Software Ownership Transfer

In those days were software development is outsourced or companies are acquired and merged frequently, the problem of transferring the ownership of applications and software is more than relevant. In his book “Software Ownership Transfer: Evolving Knowledge Transfer for the Agile World”, Vinod Sankaranarayanan, explores this topic from both a theoretical and a practical point of view.

The main support of the book is an actual software ownership transfer project that took place between an Indian team and the its UK counterpart. The book discusses all the aspects of the knowledge transfer from the cultural differences to the measure of the ownership transfer progress and success. The book is well written, with a good balance between the parts discussing the concepts and the experience report from use cases. Although the title of the book might make you think that it is recommended only to people dealing with software ownership transfer, I think that it provides an interesting and unique perspective on many software development and maintenance issues that make it valuable for all managers involved in software development.

Software Ownership Transfer

Reference: “Software Ownership Transfer: Evolving Knowledge Transfer for the Agile World”, Vinod Sankaranarayanan, Addison-Wesley, 170 pages, ISBN 978-0-13-418101-1



Organizations are particularly keen to understand how to transfer over projects that have been developed in an Agile fashion into maintenance mode, and they are asking this specific question to the service organizations they hire. No one has really broached this topic in-depth. This is primarily because development phases have picked up Agile models, whereas, in many instances, the maintenance and operations teams work with older methods.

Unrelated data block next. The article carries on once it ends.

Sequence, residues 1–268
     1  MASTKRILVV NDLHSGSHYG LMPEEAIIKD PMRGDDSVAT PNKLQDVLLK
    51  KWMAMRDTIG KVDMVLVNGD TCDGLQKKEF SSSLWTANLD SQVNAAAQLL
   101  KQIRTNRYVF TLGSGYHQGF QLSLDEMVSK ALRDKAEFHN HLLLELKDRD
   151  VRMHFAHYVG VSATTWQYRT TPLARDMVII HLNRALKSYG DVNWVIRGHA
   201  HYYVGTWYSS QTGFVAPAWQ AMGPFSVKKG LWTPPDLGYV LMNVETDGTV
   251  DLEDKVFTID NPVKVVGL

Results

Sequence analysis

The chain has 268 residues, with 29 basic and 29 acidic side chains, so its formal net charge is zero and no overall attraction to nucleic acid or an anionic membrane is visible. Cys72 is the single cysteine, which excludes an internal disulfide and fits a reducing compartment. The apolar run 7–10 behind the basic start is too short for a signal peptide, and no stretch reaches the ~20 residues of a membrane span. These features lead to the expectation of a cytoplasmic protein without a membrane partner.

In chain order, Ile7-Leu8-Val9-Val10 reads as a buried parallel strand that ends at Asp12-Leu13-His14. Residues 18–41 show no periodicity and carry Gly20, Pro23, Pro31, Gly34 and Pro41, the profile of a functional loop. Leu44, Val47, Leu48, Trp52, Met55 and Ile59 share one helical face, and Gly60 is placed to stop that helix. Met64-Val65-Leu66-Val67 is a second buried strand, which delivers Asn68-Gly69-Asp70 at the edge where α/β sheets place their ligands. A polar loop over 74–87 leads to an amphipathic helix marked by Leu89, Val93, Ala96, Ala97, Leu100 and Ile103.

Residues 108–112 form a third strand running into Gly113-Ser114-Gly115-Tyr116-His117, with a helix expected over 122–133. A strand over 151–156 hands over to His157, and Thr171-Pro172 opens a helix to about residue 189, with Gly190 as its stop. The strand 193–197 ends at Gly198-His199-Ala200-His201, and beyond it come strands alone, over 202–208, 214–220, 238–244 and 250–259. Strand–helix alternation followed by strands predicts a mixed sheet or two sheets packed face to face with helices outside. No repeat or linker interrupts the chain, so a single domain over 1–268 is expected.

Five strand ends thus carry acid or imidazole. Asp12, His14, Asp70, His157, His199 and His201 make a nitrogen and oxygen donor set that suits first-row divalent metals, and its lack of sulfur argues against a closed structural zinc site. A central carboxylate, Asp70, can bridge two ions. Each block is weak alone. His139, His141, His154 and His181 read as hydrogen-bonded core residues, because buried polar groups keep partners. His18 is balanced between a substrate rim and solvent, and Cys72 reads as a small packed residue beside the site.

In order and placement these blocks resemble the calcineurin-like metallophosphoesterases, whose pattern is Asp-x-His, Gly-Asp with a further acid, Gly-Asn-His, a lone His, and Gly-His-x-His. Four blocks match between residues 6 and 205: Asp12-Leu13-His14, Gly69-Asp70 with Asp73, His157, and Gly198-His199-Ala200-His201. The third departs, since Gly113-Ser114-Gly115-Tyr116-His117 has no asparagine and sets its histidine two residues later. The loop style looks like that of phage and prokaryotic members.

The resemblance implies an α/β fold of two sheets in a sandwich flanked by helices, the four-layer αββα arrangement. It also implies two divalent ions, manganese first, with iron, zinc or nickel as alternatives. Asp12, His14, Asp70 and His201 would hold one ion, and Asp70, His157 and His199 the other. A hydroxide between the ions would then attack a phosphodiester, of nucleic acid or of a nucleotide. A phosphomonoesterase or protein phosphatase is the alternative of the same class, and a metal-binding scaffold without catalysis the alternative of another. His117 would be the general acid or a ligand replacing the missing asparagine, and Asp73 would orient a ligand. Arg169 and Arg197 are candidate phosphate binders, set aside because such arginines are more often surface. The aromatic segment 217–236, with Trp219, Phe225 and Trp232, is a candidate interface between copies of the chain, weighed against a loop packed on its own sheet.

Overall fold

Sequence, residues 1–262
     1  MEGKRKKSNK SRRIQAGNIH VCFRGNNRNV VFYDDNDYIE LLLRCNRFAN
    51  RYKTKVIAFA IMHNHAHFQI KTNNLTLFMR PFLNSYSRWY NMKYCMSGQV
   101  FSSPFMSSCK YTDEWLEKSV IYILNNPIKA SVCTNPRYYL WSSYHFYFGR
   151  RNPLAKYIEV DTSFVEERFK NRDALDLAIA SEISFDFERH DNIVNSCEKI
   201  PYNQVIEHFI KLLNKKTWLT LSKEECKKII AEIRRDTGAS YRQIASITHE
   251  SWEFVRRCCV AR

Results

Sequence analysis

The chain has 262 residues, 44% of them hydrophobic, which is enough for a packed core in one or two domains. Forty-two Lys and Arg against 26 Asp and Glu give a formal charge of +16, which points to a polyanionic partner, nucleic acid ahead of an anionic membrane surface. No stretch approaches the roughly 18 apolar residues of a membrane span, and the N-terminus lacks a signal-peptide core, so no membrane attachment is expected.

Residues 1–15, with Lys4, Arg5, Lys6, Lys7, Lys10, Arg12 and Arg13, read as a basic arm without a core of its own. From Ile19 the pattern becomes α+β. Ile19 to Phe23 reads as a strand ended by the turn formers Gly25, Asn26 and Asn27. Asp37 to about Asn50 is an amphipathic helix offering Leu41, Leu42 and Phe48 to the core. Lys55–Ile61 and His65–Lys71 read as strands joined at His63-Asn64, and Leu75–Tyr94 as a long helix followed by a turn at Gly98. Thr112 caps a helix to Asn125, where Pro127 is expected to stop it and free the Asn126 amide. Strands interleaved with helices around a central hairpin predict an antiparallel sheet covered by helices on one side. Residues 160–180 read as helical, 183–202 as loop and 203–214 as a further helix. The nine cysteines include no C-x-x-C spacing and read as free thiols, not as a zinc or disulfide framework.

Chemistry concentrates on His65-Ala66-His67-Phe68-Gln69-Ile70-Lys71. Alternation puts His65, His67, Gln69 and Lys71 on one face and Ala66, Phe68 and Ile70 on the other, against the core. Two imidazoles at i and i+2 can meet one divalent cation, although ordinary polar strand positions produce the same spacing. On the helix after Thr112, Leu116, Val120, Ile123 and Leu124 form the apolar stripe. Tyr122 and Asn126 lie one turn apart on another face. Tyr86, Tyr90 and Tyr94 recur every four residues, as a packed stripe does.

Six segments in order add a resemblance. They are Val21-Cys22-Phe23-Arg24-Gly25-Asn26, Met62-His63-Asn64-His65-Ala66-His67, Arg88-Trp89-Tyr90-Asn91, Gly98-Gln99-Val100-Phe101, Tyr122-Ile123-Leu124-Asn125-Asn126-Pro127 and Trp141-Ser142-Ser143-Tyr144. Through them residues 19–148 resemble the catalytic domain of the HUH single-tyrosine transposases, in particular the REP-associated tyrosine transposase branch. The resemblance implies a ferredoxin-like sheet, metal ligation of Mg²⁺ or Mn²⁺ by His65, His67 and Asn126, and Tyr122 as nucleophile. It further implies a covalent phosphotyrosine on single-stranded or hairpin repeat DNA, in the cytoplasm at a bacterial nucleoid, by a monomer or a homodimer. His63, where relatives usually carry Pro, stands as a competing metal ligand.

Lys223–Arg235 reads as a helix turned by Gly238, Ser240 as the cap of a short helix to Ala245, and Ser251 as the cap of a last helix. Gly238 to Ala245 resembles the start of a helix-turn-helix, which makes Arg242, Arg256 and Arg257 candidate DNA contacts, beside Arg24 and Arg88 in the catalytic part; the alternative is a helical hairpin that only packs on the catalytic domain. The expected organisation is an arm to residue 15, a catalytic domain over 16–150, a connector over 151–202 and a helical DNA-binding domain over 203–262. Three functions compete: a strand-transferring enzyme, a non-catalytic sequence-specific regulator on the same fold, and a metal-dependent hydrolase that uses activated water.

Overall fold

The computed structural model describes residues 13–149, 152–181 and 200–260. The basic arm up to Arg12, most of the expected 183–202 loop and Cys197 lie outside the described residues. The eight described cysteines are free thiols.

Taking ownership requires a deep appreciation of expectations and empowerment. If you try to live by others’ expectations, then ownership becomes compromised. Someone truly passionate about her application will work for the best possible outcome no matter what others think. True ownership shows by itself. You need not talk about it.
But how can you ensure true ownership develops? True ownership will develop only through deliberate intent. You have to spend time with the application: Work with the application. Enhance it. Prune it. Release it. Make mistakes. Discover little nuggets of code that can still surprise you. Invest your personal attention to the code.
This shift in approach is all in the mind and not so much in practice. That is why it is extremely important for an ownership transfer event to occur over a considerable period of time. Having personal stories around the code and functionality is an excellent way to identify whether ownership is developing.

The fact is, there is no one specific timeframe that can be suggested for all ownership transfers. I strongly recommend that a transfer occurs over several releases. To my mind, it should take a minimum of four releases involving both the incumbent and the new teams wherein the new team takes increasingly higher levels of ownership. In the final release, the new team should have taken complete ownership for production support. However, this is not to say that four releases will always suffice. The time period required will also be a function of
* The cultural diversity among teams
* The geographic dispersion
* The complexity of infrastructure transfer

As organizations are in various stages of Agile adoption, team members are faced with the need to demonstrate contextual ambidexterity. Contextual ambidexterity is a unique skill that describes a team member’s ability to balance between aligning to an organization’s strictures and adapting to fluid on-ground situations. For example, some developers may be required to align with quality control metrics on the one hand, and at the same time they may need to don a tester’s hat to help complete a story.